by Benjamin Herold
for the Notebook and WHYY/NewsWorks
Alarmed by new threats to the financial stability of the District, Chairman Pedro Ramos said Monday that the School Reform Commission will likely delay an expected April 19 vote on 17 charters that have been recommended for renewal, as well as an unspecified number of charter modification requests.
Ramos said that he still expects the SRC to vote Thursday on District staff’s recommendations to not renew the charters of three schools: Arise Academy, Hope, and Truebright Science Academy.
But he said he was looking for a different process to handle the other renewals and suggested that it may require many more SRC meetings to resolve.
“I don’t know yet what the answer is for Thursday,” Ramos said. “The level of unpredictability now is too great to do everything in an all-or-nothing, thumbs-up or thumbs-down" vote.
One option, he said, might be a “rolling” process for considering charter renewals before a state-mandated June 30 deadline. Charters could be asked to negotiate conditions of their renewals in advance of a vote. The goal, said Ramos, would be to bring the highest-performing charters up for a vote first.
“Our priority is quality,” he said.
But at the same time, Ramos stressed, the District’s dire financial straits can’t be ignored.
The biggest financial wild card may be a recent ruling by Pennsylvania’s Commonwealth Court that the District illegally imposed an enrollment cap on the Walter D. Palmer Leadership Learning Partners Charter School. If other charters follow suit and ignore their enrollment caps, the District’s charter school tab could soar uncontrollably.
Ramos attacked the court’s decision, calling it a “big unknown” and saying the SRC may decide to appeal.
“I think it’s a wrongly decided case,” Ramos said. “I think it poses significant risks to the School District. I think it poses significant risks to the charter school movement. The risks are not limited to Philadelphia.”
Ramos added that a recent ruling by the state’s tax equalization board could mean an additional $30 million hit to the District. In addition, Mayor Nutter’s proposal to reassess city property values is being held up in City Council, making a hoped-for infusion of $94 million from the city now seem uncertain.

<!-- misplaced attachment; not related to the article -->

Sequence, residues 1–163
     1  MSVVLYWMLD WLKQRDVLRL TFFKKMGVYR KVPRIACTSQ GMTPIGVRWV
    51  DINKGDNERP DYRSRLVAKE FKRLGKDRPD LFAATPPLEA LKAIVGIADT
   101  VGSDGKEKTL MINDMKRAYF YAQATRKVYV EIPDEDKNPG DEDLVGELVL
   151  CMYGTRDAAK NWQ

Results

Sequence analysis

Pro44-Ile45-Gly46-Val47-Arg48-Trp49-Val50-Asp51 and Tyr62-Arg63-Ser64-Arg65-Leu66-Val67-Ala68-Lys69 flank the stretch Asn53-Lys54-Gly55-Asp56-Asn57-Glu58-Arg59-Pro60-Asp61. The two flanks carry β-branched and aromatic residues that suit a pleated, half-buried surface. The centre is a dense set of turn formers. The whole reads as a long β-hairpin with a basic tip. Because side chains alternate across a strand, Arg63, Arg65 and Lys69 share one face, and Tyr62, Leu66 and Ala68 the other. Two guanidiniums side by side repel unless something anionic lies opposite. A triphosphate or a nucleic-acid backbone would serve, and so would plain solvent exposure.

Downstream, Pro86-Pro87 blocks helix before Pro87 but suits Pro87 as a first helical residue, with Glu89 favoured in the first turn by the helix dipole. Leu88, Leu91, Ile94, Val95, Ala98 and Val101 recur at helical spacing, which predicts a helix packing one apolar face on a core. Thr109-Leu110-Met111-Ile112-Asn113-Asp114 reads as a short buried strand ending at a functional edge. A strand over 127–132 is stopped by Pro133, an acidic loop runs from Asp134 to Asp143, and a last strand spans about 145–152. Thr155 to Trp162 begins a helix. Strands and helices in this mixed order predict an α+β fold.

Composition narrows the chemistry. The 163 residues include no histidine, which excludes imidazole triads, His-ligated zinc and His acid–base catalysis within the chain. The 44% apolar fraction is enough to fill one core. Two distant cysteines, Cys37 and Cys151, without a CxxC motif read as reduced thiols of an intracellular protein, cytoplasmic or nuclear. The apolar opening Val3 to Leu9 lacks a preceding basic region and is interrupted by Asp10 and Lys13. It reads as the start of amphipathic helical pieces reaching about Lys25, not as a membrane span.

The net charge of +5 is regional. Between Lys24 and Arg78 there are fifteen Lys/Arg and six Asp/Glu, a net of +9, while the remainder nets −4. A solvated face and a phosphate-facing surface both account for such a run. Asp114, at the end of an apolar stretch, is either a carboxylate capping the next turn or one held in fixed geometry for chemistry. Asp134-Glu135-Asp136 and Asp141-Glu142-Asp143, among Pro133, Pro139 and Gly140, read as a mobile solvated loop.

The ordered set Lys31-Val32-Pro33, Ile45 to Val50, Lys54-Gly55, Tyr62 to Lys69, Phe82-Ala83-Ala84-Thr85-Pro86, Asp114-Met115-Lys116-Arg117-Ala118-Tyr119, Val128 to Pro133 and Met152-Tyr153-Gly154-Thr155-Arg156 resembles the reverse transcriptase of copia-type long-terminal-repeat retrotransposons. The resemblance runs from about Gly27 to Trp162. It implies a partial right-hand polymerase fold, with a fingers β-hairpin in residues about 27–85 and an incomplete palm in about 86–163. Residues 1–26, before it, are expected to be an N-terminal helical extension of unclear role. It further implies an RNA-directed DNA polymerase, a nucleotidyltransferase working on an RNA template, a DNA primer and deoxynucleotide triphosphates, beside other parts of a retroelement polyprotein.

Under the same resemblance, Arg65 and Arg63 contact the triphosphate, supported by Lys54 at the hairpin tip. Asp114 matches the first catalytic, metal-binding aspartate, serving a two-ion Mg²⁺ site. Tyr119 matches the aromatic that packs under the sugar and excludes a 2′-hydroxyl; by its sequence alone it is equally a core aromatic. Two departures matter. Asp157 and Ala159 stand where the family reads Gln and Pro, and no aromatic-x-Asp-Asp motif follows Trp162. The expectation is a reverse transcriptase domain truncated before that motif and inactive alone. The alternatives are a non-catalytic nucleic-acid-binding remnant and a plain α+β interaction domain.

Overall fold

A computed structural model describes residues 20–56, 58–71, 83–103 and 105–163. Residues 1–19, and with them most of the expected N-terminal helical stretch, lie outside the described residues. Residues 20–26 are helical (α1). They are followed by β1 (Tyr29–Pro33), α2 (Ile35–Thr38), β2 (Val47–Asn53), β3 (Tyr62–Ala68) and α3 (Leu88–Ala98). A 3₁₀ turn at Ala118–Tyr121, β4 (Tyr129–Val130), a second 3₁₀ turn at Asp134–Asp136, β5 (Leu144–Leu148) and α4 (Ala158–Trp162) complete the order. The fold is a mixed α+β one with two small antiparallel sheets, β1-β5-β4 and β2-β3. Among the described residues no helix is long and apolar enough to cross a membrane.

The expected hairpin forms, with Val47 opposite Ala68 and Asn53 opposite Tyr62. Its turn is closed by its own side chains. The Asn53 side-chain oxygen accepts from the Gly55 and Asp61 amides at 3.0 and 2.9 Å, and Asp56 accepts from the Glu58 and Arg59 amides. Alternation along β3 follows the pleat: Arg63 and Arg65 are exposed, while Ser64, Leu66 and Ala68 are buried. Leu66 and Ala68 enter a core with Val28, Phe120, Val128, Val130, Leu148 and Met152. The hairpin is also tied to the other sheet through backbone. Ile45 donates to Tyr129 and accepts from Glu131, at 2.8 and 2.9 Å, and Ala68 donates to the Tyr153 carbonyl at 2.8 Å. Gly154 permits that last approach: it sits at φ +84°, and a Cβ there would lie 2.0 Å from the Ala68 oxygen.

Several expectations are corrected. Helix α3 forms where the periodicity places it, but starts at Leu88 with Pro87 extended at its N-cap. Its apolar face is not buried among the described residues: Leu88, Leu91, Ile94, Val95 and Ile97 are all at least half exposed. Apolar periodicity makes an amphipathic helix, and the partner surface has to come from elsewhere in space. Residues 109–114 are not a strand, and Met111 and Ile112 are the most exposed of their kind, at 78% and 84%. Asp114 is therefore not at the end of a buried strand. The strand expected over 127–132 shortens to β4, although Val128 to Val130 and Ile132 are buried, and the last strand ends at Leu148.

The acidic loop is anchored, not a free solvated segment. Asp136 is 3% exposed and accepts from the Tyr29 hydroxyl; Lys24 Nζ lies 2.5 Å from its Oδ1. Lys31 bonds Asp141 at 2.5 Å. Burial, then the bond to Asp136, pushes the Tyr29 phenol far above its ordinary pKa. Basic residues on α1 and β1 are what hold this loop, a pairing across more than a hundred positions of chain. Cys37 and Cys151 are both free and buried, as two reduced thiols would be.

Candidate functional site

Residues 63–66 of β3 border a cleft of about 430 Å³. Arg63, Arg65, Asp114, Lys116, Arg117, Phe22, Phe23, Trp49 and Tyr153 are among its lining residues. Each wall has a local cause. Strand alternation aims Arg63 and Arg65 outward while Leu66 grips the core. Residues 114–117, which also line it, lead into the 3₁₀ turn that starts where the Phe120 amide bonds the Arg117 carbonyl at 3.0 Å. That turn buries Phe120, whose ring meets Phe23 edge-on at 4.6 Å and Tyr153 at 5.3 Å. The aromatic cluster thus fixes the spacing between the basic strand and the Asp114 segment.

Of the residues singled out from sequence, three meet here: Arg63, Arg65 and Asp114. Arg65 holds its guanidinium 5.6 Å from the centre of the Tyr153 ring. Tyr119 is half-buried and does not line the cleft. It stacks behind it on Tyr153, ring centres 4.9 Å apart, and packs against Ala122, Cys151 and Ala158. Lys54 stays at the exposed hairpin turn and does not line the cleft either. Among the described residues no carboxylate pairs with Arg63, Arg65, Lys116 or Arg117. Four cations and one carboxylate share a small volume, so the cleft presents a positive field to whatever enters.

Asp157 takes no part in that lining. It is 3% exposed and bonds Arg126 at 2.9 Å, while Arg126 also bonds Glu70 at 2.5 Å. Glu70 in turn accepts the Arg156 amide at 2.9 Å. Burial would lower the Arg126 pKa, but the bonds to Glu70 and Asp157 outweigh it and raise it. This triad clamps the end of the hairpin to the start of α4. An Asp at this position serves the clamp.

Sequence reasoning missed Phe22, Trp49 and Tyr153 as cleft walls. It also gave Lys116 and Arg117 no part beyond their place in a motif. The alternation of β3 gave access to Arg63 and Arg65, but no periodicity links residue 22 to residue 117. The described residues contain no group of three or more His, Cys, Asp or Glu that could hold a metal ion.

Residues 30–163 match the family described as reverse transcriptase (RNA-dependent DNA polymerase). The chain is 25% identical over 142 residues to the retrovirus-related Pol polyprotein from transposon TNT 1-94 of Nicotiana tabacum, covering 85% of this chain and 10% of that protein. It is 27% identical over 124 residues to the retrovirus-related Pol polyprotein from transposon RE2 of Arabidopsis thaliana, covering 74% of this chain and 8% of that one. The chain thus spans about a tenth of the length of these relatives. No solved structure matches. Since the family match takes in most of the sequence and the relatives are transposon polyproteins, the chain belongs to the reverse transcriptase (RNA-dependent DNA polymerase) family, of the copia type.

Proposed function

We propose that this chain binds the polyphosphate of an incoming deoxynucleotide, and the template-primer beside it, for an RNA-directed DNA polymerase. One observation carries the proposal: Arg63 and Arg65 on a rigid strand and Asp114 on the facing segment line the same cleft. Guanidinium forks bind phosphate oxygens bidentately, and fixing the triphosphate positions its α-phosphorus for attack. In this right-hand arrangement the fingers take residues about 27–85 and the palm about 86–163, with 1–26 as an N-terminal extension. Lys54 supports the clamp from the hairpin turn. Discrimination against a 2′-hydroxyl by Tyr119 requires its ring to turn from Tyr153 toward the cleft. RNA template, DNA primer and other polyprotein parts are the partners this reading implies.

While the new financial uncertainties have left the SRC hesitant to commit to charter renewals and modifications, Ramos said that voting on the three non-renewal recommendations could move forward because they are the beginning of a longer process. A vote for non-renewal would trigger a formal hearing process that could take months.
Besides these three and 17 charters recommended by staff for renewal, five other charters up for renewal are still under review.
At Monday’s meeting, vocal supporters passionately defended two of the charter schools now facing closure, Hope and Truebright.
Reports outlining the District’s case for closure, along with site visit reports from an outside auditor and some charters’ rebuttals, were posted online Monday – a first for the District.
District staff found fault with the three schools in areas besides their academics. Arise Academy scored unacceptable in three of the four areas covered by the District evaluation: academics, financial health, and governance and compliance.
Two charters – Boys Latin and KIPP West Philadelphia – were judged deficient in one area, but were nonetheless recommended for renewal.
Thomas Darden, District deputy chief for strategic programs outlined the District’s process for reaching its recommendations, which started last August.
“We have reams of data that we have evaluated on each of the schools,” said Darden.
But supporters of the schools recommended for non-renewal were critical of the process, questioning the thoroughness of the site visits and the accuracy of statements in the District’s staff reports.
While the District grapples with its financial uncertainties, some charters are also concerned that delays in the renewal decisions could make it difficult to plan.
Anuj Gupta, the executive director of Mt. Airy USA, told the SRC that his organization is working with Wissahickon Charter School to arrange financing for a new facility.
“If the decision for notification [on Wissahickon’s renewal] is going to be postponed, we need to know that,” Gupta said. “We need to know whether our project is dead.”
Chairman Ramos acknowledged such concerns, but said the SRC is caught between a rock and a hard place.
“I think it’s now unreasonable to expect us to just vote on renewals without knowing in advance … what it means system-wide,” he said.
“We have less room for error because we’re broke.”